YANGON (AFP) – A Rohingya has been barred from standing in Myanmar’s upcoming election, in a decision decried by rights groups as discriminatory and a symptom of the “ongoing genocide” against the persecuted minority.
A 2017 military operation drove 750,000 Rohingya out of the country into sprawling refugee camps in neighbouring Bangladesh, prompting genocide charges at the United Nations’ (UN) top court.
Myanmar has denied the allegations and justified the military operations as a means of rooting out terrorists.
Another 600,000 Rohingya remain in Myanmar, but most are not regarded as citizens and will have no vote, living in what Amnesty International describes as “apartheid” conditions.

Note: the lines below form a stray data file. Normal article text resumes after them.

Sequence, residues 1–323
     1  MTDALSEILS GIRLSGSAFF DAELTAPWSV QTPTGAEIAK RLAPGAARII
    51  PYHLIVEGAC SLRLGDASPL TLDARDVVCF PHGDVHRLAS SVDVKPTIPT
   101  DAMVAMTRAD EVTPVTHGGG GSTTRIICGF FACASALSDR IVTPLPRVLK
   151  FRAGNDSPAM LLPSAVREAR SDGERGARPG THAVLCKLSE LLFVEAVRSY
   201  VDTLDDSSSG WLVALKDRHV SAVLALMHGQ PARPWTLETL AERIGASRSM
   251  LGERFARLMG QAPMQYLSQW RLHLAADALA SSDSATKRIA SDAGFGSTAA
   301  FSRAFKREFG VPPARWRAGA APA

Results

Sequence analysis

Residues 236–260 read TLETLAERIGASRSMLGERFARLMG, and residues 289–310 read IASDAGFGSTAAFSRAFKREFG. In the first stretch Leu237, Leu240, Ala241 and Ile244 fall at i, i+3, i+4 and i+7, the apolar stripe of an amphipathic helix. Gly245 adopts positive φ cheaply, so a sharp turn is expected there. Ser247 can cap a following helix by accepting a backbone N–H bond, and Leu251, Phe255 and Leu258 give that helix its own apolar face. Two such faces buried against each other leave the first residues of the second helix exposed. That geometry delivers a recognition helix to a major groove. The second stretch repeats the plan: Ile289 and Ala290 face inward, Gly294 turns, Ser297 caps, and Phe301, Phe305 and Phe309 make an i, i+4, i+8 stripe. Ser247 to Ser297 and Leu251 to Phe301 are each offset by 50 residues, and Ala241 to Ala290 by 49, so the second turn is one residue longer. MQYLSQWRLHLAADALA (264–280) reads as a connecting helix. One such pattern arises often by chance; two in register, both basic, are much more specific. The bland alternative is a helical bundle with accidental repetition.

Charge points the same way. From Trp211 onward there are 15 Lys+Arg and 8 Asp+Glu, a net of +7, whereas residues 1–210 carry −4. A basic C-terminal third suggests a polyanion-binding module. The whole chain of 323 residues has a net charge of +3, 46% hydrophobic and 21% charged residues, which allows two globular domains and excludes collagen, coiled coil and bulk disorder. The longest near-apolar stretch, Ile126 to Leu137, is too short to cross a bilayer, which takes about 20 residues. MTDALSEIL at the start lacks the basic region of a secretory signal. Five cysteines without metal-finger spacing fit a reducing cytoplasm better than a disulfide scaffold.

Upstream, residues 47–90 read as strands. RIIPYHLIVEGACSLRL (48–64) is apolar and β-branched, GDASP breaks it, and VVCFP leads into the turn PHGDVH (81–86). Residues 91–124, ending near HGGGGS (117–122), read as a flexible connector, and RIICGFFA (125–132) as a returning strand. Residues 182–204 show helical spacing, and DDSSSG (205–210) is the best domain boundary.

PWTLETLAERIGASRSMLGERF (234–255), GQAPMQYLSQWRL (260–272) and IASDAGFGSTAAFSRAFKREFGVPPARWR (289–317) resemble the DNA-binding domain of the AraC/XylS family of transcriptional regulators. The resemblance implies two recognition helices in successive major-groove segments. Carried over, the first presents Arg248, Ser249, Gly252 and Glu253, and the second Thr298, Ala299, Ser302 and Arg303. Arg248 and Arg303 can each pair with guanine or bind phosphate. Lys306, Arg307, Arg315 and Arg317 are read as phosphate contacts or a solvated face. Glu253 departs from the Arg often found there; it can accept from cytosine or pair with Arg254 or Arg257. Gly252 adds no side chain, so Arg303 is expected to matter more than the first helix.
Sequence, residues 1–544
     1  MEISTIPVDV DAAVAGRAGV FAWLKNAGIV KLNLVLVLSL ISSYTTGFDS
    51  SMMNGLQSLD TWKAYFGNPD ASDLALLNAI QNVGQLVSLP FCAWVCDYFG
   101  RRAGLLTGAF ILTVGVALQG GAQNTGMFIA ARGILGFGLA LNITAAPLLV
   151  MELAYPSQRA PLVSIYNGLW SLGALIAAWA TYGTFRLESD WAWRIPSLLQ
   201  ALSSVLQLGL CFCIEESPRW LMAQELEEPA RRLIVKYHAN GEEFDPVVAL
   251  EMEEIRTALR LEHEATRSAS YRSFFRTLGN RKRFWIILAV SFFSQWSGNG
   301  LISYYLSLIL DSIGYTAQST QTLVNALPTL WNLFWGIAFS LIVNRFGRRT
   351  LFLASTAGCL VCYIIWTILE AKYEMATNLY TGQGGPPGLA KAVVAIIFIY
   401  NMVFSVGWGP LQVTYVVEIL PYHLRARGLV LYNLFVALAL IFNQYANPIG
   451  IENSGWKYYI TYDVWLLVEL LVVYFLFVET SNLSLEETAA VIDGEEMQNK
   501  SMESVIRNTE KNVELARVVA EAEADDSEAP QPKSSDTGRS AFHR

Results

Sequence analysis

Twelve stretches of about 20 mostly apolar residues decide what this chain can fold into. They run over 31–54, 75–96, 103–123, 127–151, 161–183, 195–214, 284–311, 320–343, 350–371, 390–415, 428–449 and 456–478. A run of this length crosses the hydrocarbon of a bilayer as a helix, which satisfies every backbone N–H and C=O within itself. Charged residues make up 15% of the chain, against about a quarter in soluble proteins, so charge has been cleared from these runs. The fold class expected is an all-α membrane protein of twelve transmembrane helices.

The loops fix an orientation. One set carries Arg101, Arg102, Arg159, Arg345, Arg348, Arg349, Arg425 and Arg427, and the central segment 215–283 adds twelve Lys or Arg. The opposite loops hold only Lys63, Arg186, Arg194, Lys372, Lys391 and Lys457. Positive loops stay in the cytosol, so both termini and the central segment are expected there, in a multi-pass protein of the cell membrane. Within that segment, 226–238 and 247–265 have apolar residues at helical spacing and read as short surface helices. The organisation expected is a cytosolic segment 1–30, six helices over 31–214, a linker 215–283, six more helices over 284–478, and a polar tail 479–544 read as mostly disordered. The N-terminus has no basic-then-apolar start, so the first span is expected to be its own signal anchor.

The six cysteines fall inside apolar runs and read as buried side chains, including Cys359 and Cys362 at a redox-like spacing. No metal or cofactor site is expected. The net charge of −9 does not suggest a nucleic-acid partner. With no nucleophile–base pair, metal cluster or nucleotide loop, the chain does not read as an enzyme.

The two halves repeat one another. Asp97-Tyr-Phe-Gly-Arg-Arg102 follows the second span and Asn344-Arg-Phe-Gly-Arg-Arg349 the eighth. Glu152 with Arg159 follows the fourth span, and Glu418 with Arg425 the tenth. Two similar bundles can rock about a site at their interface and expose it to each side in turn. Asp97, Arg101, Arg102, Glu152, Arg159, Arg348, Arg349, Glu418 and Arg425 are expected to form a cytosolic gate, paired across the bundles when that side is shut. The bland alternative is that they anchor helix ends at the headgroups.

Three Rohingya-led parties had hoped to field at least a dozen candidates in November’s vote, according to regional watchdog Fortify Rights.
But Abdul Rasheed, 58, a member of the Democracy and Human Rights Party, told AFP yesterday that his candidacy was rejected by the district election commission in Rakhine state capital Sittwe a day earlier.
The commission said this was because his parents were not Myanmar citizens when he was born, Rasheed said – even though he had proof his parents and grandparents were granted citizenship in 1957, four years before his birth.
“This is not in line with the law,” he said, adding he would appeal the decision. “The Rohingya are being degraded so we cannot compete.”